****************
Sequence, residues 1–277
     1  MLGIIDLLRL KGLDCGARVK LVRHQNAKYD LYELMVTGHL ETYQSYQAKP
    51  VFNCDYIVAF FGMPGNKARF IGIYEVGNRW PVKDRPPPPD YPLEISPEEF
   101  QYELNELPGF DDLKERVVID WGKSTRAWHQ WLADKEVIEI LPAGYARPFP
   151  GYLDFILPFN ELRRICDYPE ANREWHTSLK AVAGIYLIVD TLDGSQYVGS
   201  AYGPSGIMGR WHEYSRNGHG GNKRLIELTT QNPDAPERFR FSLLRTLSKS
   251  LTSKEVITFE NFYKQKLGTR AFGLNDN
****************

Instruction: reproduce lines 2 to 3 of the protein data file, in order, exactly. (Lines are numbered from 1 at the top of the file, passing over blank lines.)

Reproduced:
     1  MLGIIDLLRL KGLDCGARVK LVRHQNAKYD LYELMVTGHL ETYQSYQAKP
    51  VFNCDYIVAF FGMPGNKARF IGIYEVGNRW PVKDRPPPPD YPLEISPEEF